The new Ubuntu wallpaper looks like some guys ballsack and I can't stop laughing whenever I see it.

It's the hairs that get me.

University of Minnesota banned from Linux kernel development and a purge begins:

"Because of this, I will now have to ban all future contributions from your University and rip out your previous contributions"

lore.kernel.org/linux-nfs/YH%2

In practice, I don't think energy is free or unlimited, just we're so far removed from the immediate consequences and future energy-bank-account that it feels that way at the point of use.

Energy has real consequences now, and even if we were to find genuinely "free"/"unlimited" energy, say a working fusion reactor with positive energy balance, the costs will be borne out in other ways.

There's always a bottleneck. What do you do with the waste heat? Literal global warming? Boil the seas?

Show thread

In 200 years, we could well have exhausted a planetary lifetime's savings of energy from oil, and be back on our meager "solar income" of energy, by renewable means toted around in batteries.

In this future, bitcoin etc will all be seen as the adolescent excess, and we'll be left with an energy hangover and much more rational, thought out use of energy.

Show thread

we're very much in the same position now. After an eternity of pulling up burnable rocks out of the ground just to survive, we suddenly have such a glut of (primarily oil based) energy that it feels to be free (almost 0 cost) and unlimited.

So we do what we always do - we have more energy than we can sensibly spend on tap, so we blow it on wasteful bets, things like speculation on cryptocurrencies, NFTs, etc.

Show thread

how it basically goes is that when we have a surplus of something, we tend to be increasingly inefficient at using it.

For example, if you live a normal, slightly tight-on-cash life, and you win the lottery, all of a sudden you have more cash than you can spend. While you're in this position, it can feel like you have unlimited, free money.

It's a well observed consequence that people tend to blow this surplus on risky/wasteful purchases/investments.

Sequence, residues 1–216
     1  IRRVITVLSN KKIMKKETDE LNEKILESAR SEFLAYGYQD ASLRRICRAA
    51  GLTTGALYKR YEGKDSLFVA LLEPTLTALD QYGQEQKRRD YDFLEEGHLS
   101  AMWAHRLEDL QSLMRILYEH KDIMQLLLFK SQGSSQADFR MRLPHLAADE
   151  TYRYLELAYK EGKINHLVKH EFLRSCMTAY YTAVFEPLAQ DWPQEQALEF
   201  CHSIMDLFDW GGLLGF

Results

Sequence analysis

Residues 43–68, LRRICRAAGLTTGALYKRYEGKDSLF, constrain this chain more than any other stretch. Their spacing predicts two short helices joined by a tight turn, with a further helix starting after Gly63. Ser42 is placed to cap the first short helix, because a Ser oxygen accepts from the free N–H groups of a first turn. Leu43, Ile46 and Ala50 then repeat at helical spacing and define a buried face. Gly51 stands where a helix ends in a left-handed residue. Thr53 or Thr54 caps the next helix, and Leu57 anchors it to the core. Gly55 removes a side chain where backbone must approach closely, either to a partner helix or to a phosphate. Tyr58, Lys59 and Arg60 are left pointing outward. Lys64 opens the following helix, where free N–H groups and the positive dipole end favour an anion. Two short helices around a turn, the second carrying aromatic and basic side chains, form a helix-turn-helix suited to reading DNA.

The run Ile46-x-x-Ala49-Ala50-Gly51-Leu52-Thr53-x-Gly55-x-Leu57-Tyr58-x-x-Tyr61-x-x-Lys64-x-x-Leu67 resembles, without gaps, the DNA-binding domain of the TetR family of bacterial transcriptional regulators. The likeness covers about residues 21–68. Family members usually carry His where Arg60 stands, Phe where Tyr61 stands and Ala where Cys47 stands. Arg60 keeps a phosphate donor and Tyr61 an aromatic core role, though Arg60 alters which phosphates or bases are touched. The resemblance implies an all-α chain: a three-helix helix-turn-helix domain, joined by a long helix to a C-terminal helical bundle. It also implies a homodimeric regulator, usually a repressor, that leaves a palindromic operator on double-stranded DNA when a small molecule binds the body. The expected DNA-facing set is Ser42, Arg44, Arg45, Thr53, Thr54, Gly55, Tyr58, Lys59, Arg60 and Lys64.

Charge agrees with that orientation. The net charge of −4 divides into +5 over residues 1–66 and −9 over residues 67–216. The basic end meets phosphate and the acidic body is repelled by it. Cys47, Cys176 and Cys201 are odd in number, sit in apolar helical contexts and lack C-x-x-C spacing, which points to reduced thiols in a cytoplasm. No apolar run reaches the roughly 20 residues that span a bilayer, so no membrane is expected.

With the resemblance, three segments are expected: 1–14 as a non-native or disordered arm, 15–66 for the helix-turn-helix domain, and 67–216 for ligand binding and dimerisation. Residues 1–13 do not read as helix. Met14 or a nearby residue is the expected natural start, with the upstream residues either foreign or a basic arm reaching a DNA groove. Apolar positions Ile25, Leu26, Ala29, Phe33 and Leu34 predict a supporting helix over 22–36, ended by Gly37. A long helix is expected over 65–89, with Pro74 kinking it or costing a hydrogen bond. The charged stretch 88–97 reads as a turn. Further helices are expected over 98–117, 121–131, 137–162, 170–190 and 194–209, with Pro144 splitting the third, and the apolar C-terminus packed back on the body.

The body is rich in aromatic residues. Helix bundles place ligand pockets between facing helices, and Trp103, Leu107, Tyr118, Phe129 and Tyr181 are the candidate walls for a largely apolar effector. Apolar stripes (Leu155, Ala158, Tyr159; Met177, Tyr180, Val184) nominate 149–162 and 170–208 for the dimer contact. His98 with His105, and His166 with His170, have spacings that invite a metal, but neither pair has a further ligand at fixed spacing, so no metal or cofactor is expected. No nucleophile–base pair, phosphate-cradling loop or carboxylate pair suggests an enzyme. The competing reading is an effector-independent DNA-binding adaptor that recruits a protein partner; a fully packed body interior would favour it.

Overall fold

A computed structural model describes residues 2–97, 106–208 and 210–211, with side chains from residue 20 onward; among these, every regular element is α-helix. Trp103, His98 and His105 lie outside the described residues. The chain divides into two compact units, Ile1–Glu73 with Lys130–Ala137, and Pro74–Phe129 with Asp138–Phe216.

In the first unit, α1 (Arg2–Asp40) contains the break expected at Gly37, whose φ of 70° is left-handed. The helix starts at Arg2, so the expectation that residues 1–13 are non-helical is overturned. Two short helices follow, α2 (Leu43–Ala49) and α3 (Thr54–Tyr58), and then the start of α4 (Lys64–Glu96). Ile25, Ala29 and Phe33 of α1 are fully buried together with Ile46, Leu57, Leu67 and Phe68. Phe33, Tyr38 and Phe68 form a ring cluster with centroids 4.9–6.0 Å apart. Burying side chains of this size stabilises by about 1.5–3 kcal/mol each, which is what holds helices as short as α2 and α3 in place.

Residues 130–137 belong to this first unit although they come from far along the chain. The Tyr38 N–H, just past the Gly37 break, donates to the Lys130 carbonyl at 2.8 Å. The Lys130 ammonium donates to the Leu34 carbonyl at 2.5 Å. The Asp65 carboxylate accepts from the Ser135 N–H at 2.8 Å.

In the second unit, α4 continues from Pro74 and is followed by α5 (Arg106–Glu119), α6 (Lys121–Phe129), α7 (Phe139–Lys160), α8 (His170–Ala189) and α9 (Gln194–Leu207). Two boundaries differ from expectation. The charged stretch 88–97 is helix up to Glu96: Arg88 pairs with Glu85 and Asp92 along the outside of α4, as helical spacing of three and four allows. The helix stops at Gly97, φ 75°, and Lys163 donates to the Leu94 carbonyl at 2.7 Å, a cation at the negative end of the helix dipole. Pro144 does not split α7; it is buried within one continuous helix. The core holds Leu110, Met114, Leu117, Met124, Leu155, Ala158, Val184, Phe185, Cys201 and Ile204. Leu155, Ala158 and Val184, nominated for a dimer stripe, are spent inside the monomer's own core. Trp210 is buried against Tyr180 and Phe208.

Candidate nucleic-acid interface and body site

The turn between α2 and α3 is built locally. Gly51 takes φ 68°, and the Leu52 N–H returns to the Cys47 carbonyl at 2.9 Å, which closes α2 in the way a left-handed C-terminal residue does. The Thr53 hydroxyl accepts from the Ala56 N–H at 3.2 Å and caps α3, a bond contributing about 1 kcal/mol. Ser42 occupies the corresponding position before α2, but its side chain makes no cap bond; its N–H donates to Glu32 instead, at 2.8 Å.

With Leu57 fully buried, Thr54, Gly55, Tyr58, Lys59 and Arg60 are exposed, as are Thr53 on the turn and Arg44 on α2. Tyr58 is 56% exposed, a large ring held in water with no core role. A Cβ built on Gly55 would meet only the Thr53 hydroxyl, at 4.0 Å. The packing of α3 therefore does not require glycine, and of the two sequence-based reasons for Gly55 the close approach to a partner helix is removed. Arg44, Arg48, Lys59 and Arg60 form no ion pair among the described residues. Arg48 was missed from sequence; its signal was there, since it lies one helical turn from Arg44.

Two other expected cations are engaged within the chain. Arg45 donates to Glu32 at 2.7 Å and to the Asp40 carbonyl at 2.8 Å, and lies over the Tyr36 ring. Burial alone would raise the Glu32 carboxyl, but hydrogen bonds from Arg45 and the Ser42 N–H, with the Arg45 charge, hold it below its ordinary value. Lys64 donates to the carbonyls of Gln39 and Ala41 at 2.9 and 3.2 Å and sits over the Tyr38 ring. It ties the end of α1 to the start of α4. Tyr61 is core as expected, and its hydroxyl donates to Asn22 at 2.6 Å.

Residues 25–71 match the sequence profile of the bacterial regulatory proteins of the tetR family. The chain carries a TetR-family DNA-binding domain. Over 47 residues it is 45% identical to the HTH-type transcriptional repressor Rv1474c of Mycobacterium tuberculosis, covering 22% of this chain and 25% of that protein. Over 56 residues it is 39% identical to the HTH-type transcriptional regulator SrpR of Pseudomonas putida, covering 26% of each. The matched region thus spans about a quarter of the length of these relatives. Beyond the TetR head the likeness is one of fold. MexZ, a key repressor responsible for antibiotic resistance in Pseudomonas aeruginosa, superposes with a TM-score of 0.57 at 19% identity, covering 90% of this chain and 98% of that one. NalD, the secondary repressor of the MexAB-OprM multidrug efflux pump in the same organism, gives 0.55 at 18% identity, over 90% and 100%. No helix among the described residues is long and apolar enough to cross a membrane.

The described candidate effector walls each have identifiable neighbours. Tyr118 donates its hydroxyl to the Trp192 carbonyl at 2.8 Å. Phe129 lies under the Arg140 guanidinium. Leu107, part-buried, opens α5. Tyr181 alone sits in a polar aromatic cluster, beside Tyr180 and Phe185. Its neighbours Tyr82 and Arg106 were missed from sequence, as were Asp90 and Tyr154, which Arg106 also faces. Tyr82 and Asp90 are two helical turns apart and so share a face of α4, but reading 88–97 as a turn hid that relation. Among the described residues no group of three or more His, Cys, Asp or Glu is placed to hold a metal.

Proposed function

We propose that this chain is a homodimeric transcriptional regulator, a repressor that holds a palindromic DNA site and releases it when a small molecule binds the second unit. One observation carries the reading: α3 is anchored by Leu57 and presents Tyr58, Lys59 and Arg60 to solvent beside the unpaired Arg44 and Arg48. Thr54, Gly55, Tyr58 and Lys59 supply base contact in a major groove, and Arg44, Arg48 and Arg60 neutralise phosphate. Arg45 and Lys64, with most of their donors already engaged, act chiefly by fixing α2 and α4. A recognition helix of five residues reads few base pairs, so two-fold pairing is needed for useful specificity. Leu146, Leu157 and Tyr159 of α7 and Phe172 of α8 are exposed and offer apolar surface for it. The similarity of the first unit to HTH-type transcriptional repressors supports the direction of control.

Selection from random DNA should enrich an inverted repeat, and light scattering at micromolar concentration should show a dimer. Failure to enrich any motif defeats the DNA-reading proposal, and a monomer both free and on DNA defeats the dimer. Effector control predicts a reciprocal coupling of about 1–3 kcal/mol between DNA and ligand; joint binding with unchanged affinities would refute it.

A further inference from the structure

Show thread

people on irc are looking at me funny for my "free and unlimited" energy hypothesis for bitcoin/cryptocurrency again

just in case anyone was still labouring under the assumption that HN is a tech site instead of pop business news.

Just noticed that Ever Globe, an identical sister ship to Ever Given, is about to head through the same stretch of canal going the other way and I am praying for them to do the funniest thing of all time

Final take for the night (I hardly think "flamewars bad" and "nn stupid" can be called hot takes).

What cryptocurrencies and rust share as legions of devoted fanatics who will hijack any mention of them (fair or not) and will insist that the discussion is reframed around them in terms of memory safety and/or fiat currency.

paging @feld

People talk about all the energy and opportunity wasted on bitcoin, but I think neural networks are worse.

Show thread

Neural networks are to AI what password bruteforcing is to cryptography: uninteresting practicalities enabled only by scale.

Breaking a hash function is cool if you devise new insight, but not if you just exhaust every input. In the same way, splatting 10,000 images into a neural network and getting 90% success at recognising a dog is not an interesting academic outcome if you can't explain how the rube goldberg machine makes its decisions.

In application: are submissions/stories/posts that are low-quality (eg, politically motivated, flamebait, etc) more likely to get rapid and extensive engagement than technical/on-topic posts, because those low-quality posts have a low barrier to entry?

Can we automatically detect engagement-outlier posts and freeze them into a moderation queue for consideration before re-enabling discussion?

If so, can such a system focus a community back on topical discussion rather than in-fighting?

Show thread

People often talk loosely about bikeshedding, but: "A [nuclear] reactor is so vastly expensive and complicated that an average person cannot understand it (see ambiguity aversion), so one assumes that those who work on it understand it. On the other hand, everyone can visualize a cheap, simple bicycle shed, so planning one can result in endless discussions because everyone involved wants to add a touch and show personal contribution."

Show thread

Hypothesis: posts that are outliers in engagement metrics (comments, score, etc) are more likely to be low quality/controversial/damaging to communities.

Show older
Mastodon @ SDF

"I appreciate SDF but it's a general-purpose server and the name doesn't make it obvious that it's about art." - Eugen Rochko